As the song goes, Beauty and the Beast‘s Belle was very different from the rest of her Disney Princess ancestors when the cartoon classic hit theaters in 1991. Belle (voiced by Paige O’Hara) was a bookish and independent young woman from a rural village and contrasted sharply with more glamorous royals such as Snow White and Sleeping Beauty.
But according to Emily Zemler’s new book, Disney Princess: Beyond the Tiarathe Beauty and the Beast animators – led by James Baxter and Mark Henn – originally envisioned a character more like a glamorous member of the Hollywood royalty.
“She looked a bit like Angelina Jolie – very beautiful,” O’Hara notes in the book about the first concept art for her alter ego. “I didn’t see how anyone would identify with that person. You would look at her and put her on a pedestal. Mark and James changed the look of her. She was a little too perfect.”
For the record, it’s unlikely that Jolie was the direct inspiration for Belle. The Oscar-winning girl interrupted star was just a teenager then Beauty and the Beast was in production and did not make her feature film debut until 1993 Cyborg 2. In Zemler’s book, Baxter says he and Henn initially envisioned Belle as “more European-looking with fuller lips, [and] slightly dark eyebrows” – characteristics that are definitely identified with Jolie. According to Beyond the tiarathough, the celebrities who served as a reference point for the animators included Elizabeth Taylor, Natalie Wood, Audrey Hepburn, and O’Hara herself.
“The animators did a lot of concept illustrations and dozens of sketches to find the best fit,” Zemler confirmed via email to Yahoo Entertainment. “You can tell from the sketches how much Belle evolved. Paige O’Hara remembered early versions of Belle that looked like Angelina Jolie, but that’s just Paige’s perception. None of the animators I spoke to mentioned Jolie as inspiration for Belle.”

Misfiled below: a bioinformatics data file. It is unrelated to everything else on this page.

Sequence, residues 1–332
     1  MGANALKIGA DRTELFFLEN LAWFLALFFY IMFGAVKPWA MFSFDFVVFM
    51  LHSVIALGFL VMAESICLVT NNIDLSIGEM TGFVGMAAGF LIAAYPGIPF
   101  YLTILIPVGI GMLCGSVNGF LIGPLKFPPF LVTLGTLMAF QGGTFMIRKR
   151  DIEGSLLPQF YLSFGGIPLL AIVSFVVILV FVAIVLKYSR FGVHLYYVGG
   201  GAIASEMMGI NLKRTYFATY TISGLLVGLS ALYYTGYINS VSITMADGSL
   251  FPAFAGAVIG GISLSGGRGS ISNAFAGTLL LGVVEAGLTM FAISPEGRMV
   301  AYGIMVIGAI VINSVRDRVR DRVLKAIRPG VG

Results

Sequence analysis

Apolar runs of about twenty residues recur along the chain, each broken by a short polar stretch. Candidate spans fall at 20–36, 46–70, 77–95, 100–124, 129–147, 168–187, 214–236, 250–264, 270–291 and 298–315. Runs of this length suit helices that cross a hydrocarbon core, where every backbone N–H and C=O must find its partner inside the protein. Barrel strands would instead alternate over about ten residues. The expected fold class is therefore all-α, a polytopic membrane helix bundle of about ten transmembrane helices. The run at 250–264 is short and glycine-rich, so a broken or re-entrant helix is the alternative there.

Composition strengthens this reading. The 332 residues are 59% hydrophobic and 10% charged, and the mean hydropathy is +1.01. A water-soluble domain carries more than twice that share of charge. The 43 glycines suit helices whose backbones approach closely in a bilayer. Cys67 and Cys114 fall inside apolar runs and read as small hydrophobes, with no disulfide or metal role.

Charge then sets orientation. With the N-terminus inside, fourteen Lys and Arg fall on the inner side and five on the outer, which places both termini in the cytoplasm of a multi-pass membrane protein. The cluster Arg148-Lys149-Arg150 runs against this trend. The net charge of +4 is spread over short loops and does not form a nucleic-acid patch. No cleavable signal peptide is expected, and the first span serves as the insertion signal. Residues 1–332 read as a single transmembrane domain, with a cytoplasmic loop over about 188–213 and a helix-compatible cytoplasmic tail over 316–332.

As pre-production on Beauty and the Beast Baxter and Henn eventually continued with their star that Belle had the potential to be a transforming Disney princess and revise their image of her accordingly. “I knew this would change the view of Disney princesses,” O’Hara says in the book. “Belle was the first not to look for a man. She wanted to see the world and all the places she’d read about in books.’
Belle eventually changed the face of Disney princesses, which had a direct influence on the way subsequent characters like Jasmine, Pocahontas, and Mulan were written — not to mention drawn. “Belle opened the doors to those who could be considered even wider as a Disney princess, and welcomed a wider fan base to her,” says Zemler. “Her depiction, both in character and appearance, encouraged those who aladdin to make Jasmine more adventurous and spicy. It had a ripple effect.”
That emphasis on spirit and adventure was carried through in the live-action adaptations of many classic Disney cartoons, including upcoming versions of The little Mermaid and snow white, with Halle Bailey and Rachel Zegler respectively. (Emma Watson played Belle in the 2017 film version of) Beauty and the Beastbut the character has also been played by a variety of diverse performers on stage and on screen.)
“In 1937, the cartoon [Snow White and the Seven Dwarves] was so focused on finding true love, and it’s not even on her mind in this movie,” Zegler told Yahoo Entertainment at D23 last month. “Maybe she’ll find love. Maybe she will find friendship. But what’s really important is that she finds her own voice.”
For Zemler, Belle’s lasting legacy has less to do with her looks and more to do with her attitude. “I’ve always admired Belle’s spirit and her love of books,” says the author. “Sometimes we think of a classic princess as blonde and maybe a bit superficial, but Belle undermines those traditional clichés. She is a devoted daughter, a friendly friend and she understands the world through reading books. In that way she is someone to whom many of us relate to or aspire to be.”
Beauty and the Beast is currently streaming on Disney+; Disney Princess: Beyond the Tiara is now available from most major booksellers, including Amazon.